Ten years later, shortly after my son was born and my daughters’ adoptions were finalized, I began to get very sick. I lost a lot of weight when breastfeeding my son. I wasn’t sleeping well. This went on for years, and even when my son stopped breastfeeding, I kept losing weight. One of my daughters had a very serious mental health crisis. Because I didn’t understand mental health well, I thought that, in addition to weekly mental health sessions, what my daughter needed most was someone to listen to her. Perhaps this was partly true. But, I became my daughter’s only lifeline. She left therapy when she turned 18. If I was not on the phone with her, she began to spend money to fill the time and emptiness she was feeling. I never told her no. I just kept paying off her credit card bills. I wanted her to be happy, and healthy, and to have someone who deeply cared about her, all the things I needed when I lost my mother at her age. I was naive and well-intentioned, but ill-equipped to support her.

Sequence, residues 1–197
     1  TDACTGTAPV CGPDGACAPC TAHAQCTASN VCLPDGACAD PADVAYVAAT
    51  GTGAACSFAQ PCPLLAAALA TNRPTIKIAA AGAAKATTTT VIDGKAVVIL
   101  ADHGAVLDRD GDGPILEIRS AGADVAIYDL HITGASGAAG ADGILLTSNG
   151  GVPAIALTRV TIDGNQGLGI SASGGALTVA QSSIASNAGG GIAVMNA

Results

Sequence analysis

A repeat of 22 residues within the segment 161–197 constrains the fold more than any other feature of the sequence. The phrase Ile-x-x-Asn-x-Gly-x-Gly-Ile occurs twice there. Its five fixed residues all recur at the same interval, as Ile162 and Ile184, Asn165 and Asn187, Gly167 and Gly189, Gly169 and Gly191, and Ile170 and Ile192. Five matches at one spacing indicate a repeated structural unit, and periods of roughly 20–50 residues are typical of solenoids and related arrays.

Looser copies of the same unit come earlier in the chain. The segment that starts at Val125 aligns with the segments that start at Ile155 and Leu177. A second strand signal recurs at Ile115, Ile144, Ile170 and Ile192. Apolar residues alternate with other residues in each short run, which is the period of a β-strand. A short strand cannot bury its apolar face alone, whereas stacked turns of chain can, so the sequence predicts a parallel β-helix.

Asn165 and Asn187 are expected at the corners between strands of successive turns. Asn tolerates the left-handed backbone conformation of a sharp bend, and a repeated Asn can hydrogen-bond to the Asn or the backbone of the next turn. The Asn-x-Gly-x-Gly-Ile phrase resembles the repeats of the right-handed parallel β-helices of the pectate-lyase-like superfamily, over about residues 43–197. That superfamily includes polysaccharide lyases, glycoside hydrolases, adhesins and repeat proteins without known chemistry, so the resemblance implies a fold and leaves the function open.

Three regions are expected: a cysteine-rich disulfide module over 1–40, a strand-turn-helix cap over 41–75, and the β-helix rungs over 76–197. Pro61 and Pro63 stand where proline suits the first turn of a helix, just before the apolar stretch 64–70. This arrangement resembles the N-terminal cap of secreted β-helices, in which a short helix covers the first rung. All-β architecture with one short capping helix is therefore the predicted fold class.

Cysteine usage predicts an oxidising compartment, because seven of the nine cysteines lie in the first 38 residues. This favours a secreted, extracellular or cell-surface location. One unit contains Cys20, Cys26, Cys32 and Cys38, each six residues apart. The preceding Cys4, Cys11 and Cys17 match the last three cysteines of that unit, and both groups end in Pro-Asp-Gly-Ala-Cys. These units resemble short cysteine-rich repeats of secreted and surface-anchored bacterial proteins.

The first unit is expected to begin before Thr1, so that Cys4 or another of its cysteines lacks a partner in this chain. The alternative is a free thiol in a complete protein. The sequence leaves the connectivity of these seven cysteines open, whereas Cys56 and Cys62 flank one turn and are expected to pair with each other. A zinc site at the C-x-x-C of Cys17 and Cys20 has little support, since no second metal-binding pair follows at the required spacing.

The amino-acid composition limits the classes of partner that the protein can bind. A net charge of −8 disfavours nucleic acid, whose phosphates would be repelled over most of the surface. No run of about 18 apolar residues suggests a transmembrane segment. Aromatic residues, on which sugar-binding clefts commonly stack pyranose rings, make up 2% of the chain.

My weight kept dropping. We began to slip into debt. I kept working. I took on more work, in fact, to keep up with my daughter’s spending. I stopped being able to process most foods. I didn’t feel hungry.
I started wanting to die again.
Not to kill myself actively this time, but to die.
I felt it would be better for everyone.
I couldn’t be the mother my son needed.
I couldn’t be the mother my daughters needed.
I couldn’t even conceive of being the wife my husband needed.
I couldn’t work enough to pay our bills.
I had been rejected from multiple academic job searches that I was well-qualified for, without even a phone interview.
I was working 5 part-time jobs at one point, which I finally realized couldn’t continue, so I went back to teaching full-time and was working in an adjunct faculty role at UC Santa Cruz. One night, driving home along Highway 17 in the Santa Cruz mountains, in the dark, I fantasized about just letting my car go over the side of the road, into the mountain or off a mountain into a ravine.